And they took them wives of the women of Moab
Not before they were proselyted to the Jewish religion, as Aben Ezra thinks, and which seems plainly to be the case of Ruth; at least she was so afterwards, if not before; and also of Orpah, as the same writer concludes from ( Ruth 1:15 ) though others are of a different opinion, and some excuse their marriage, and others condemn it as unlawful, among whom is the Targumist, who paraphrases the words,
``and they transgressed the decree of the Word of the Lord, and took to them strange wives of the daughters of Moab;''however it was so permitted by the Lord, and ordered in Providence, that from one of them the Messiah might spring:
and the name of the one was Orpah;
she was married to Chilion; and Alshech gathers from hence that the youngest was married first before his brother:
and the name of the other Ruth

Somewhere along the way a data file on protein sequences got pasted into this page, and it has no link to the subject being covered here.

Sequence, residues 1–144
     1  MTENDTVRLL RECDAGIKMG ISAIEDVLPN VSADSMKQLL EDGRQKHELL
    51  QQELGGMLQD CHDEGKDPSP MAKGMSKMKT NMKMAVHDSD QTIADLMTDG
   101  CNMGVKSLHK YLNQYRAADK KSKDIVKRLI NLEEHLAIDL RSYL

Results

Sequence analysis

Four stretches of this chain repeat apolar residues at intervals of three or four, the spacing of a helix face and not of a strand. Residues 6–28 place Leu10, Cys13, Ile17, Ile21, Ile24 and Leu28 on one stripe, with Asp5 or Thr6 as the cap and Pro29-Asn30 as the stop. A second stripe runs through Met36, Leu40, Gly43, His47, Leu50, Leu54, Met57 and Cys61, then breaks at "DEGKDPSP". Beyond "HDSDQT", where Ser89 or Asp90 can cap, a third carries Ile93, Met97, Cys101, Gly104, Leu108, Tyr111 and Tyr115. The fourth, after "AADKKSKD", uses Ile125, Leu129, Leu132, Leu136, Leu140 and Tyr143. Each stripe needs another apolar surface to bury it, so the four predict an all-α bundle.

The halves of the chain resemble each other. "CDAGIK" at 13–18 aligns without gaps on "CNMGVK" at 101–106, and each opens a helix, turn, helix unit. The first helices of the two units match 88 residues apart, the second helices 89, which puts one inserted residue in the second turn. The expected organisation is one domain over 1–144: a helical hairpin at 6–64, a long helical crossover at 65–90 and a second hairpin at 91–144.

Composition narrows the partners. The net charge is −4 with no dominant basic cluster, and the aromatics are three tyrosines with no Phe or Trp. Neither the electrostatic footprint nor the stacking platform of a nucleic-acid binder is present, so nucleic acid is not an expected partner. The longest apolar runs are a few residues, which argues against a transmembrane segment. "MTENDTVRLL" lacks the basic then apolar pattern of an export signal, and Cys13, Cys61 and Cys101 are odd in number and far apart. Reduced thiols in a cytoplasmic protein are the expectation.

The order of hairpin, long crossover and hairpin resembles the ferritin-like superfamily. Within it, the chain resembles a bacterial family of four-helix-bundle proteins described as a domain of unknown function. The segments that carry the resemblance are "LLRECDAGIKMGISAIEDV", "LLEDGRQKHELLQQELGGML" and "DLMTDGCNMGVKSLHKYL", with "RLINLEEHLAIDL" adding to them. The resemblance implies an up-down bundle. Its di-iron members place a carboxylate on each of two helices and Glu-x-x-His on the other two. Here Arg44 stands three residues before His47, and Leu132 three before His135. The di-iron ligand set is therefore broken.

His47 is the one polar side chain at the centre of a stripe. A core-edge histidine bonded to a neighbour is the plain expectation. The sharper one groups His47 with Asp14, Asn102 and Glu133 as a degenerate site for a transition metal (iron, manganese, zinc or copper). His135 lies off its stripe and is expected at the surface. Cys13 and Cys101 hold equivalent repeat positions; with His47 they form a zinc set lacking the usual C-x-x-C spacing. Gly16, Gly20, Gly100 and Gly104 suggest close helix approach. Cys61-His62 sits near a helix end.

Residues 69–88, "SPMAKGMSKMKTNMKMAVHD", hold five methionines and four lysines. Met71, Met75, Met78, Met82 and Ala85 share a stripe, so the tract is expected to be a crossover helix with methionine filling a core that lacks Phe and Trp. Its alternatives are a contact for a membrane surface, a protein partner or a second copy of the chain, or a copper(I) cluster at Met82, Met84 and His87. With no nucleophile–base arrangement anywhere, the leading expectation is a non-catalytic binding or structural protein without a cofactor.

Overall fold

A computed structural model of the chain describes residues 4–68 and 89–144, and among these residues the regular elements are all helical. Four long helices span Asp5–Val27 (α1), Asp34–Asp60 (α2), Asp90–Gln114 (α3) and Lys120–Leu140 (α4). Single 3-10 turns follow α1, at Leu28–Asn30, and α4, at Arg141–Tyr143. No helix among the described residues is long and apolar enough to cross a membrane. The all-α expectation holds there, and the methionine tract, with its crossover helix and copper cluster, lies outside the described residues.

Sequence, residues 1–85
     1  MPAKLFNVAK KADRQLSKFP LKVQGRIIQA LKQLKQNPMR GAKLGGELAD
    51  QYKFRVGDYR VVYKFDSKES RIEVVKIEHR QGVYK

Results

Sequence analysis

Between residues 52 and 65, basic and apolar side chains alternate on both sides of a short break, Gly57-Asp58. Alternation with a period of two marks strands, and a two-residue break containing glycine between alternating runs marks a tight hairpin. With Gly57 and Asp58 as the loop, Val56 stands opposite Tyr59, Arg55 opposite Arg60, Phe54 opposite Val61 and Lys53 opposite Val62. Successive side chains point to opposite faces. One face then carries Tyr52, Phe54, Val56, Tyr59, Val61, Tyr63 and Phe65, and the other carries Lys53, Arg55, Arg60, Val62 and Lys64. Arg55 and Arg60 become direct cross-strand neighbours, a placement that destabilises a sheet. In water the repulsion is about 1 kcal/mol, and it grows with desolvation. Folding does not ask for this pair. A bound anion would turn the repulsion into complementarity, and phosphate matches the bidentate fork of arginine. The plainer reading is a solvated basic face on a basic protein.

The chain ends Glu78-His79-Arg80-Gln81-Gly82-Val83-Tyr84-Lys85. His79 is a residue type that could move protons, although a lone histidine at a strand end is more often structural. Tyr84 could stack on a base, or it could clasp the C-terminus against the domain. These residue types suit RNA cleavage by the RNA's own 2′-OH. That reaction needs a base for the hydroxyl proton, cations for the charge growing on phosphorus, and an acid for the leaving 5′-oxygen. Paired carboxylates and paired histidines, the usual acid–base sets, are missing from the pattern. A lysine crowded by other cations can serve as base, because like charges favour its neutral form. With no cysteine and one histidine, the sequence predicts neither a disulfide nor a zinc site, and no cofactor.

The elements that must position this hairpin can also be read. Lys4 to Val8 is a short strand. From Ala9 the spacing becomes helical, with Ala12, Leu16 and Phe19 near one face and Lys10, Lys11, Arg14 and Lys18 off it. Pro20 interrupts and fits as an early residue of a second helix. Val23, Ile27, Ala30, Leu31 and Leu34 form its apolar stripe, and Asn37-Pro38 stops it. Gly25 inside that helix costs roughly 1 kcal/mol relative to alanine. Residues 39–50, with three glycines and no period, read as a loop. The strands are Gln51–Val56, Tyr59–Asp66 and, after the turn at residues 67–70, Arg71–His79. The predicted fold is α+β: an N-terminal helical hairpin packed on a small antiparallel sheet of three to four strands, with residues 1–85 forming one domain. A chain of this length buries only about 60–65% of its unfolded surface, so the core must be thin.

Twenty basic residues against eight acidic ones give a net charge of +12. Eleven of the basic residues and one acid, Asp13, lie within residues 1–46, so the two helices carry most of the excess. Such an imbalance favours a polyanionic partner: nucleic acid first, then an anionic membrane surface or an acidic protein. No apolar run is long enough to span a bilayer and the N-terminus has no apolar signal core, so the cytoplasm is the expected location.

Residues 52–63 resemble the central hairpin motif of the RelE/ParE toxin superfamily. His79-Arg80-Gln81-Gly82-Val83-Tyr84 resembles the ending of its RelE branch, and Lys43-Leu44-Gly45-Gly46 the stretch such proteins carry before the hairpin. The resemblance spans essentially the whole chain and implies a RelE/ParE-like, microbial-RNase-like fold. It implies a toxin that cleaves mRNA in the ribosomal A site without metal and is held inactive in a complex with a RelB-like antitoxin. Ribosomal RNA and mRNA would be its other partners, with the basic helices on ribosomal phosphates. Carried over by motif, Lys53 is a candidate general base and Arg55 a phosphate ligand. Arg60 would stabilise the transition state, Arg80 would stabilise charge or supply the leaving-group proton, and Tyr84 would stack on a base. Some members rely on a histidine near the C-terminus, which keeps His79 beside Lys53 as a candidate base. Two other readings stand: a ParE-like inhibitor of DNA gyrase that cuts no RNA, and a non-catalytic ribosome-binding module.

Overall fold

the Targum adds,
``the daughter of Eglon, king of Moab;''and that she was his daughter, or the daughter of his son, is a notion commonly received with the Jews F25 though without any just foundation; she was married to Mahlon, ( Ruth 4:10 ) , one Philo F26 asserts these two women to be own sisters, for what reason does not appear; and a Jewish writer F1 says they were both daughters of Eglon, king of Moab: and they dwelt there about ten years; that is, Mahlon and Chilion, who married these women; which is to be reckoned either from the time they came into the land, or from the time of their marriage; the latter seems to be the case from the connection of the words.
F25 T. Bab. Nazir, fol. 23. 2. Sotah, fol. 47. 1. Sanhedrin, fol. 105. 2. Horayot, fol. 10. 2. Zohar in Deut. fol. 109. 2.
F26 Apud Drusium in loc.
F1 Shalshalet Hakabala, fol. 8. 1.